CA: Cultures Clash on Road Trip



Their pairing sounds like a half-baked Hollywood pitch for a reality show:
She's an Israeli Jew, he's a Muslim from Jordan. Let's pack them in a car
and head them down the West Coast on that most American of pastimes, the
summer road trip.

But while the Sierra Club-sponsored roadie that stopped Tuesday in San
Francisco is ostensibly about hyping hybrid cars to the 18- to 24-year-old
demographic, its reality hasn't been a complete joyride through the redwoods.

At least, not when decades of Middle Eastern political history gets thick
inside the Toyota Prius.

"He's the mediator," said Ilana Meallem, the 26-year-old Israeli, referring
to Brendan Bell, their Sierra Club chaperone and an American Christian.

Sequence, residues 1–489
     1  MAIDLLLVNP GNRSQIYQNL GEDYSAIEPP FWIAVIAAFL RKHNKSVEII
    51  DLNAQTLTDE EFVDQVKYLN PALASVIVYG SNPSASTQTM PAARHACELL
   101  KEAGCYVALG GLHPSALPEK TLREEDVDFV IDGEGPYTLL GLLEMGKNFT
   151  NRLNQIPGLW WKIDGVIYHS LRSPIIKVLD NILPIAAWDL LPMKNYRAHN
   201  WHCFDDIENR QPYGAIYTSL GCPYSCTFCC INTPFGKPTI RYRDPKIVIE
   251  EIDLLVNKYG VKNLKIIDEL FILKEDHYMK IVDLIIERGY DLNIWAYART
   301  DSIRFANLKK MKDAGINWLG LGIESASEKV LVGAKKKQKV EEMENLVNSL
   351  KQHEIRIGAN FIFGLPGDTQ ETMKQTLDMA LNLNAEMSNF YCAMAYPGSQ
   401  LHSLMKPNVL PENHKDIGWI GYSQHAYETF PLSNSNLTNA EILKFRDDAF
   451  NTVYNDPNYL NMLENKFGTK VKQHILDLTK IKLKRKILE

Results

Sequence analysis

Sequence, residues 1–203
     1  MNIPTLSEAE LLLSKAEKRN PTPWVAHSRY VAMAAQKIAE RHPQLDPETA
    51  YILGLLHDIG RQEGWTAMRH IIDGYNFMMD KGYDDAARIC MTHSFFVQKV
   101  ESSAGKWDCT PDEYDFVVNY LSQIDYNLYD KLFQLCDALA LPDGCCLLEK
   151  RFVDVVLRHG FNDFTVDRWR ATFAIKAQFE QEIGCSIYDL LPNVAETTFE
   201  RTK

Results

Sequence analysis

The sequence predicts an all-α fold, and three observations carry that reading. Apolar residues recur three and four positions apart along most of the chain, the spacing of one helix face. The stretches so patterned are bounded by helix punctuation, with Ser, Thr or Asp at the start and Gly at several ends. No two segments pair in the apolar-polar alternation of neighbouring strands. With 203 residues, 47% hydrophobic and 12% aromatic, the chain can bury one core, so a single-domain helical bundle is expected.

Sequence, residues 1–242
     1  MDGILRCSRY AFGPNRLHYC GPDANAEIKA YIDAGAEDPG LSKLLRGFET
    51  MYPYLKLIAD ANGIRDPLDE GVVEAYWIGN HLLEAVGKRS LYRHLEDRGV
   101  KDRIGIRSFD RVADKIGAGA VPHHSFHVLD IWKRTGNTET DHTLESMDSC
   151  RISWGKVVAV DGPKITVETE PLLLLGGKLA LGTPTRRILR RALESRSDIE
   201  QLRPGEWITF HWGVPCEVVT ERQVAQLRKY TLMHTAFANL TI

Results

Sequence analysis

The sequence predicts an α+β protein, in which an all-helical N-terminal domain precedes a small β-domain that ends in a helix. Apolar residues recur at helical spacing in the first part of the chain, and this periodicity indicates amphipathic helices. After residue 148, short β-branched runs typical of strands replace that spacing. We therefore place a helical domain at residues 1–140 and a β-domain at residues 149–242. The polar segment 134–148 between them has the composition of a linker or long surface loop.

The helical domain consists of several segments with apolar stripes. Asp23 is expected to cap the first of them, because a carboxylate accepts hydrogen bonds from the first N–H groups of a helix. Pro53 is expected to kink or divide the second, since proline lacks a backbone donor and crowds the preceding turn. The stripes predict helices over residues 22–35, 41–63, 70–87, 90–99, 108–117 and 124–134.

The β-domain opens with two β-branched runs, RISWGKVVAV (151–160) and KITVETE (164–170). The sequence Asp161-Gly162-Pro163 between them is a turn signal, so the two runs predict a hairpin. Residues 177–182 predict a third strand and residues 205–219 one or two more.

"And of course, as a typical American mediator," 26-year-old Jordanian
Mohammad Taher said dryly, "he always sides with Israel."

Uh, pass the Fritos.

Meallem and Taher may view some things differently politically, but both
realize that their generation must cooperate to tackle a common regional
problem: environmental issues. They live in a place where water is the
stuff of wars.

To that end, both are students at the Arava Institute for Environmental
Studies. Located on an Israeli kibbutz near the Jordanian and Egyptian
borders, Arava brings together Muslim, Christian and Jewish students in an
attempt to break down the political and cultural barriers that get in the
way of solving environmental problems.

As part of their graduate studies, six Arava students are spending the
summer working at Bay Area nonprofits. Meallem and Taher are at the Sierra
Club, paired to preach the hybrid gospel during a 14-day road trip from
Seattle to San Diego.

Theirs is a road trip unlike many others. The British-born Meallem is
effervescent, smiling easily and engaging with the crowds she's seen.
Sporting dreadlocks and a nose stud, she's a poster child for those young
drivers the campaign is seeking...

 


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